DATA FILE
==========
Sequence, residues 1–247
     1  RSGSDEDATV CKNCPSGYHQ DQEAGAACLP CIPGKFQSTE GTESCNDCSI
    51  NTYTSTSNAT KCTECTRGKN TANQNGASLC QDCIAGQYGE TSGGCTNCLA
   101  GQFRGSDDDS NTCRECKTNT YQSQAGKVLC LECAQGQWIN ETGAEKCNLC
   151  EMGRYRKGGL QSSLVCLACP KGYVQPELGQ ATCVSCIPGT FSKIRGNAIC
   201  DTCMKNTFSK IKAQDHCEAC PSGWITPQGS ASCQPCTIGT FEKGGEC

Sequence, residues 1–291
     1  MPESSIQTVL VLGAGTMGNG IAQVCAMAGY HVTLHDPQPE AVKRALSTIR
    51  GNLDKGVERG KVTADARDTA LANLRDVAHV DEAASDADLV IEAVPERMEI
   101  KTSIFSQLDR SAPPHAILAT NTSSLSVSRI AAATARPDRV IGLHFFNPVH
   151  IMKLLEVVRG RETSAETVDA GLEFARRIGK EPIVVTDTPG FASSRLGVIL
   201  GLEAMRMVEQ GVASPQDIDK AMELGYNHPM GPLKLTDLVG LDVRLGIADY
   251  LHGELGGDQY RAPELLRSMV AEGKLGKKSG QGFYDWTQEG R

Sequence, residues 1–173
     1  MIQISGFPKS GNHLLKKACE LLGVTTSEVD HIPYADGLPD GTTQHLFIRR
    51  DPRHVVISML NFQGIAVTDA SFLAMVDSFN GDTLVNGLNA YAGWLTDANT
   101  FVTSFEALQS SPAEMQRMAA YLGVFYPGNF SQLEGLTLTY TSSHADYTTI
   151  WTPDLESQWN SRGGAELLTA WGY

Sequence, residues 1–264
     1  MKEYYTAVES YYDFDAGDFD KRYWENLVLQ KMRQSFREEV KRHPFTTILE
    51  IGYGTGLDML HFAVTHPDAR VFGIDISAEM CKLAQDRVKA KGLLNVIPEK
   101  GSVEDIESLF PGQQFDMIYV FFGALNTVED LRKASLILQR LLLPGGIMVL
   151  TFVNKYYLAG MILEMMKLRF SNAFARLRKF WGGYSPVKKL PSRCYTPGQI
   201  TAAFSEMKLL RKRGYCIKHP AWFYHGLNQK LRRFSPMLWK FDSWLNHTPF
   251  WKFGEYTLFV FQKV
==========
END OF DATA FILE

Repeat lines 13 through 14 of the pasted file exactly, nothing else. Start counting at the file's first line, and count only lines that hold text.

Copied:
   251  LHGELGGDQY RAPELLRSMV AEGKLGKKSG QGFYDWTQEG R

Sequence, residues 1–173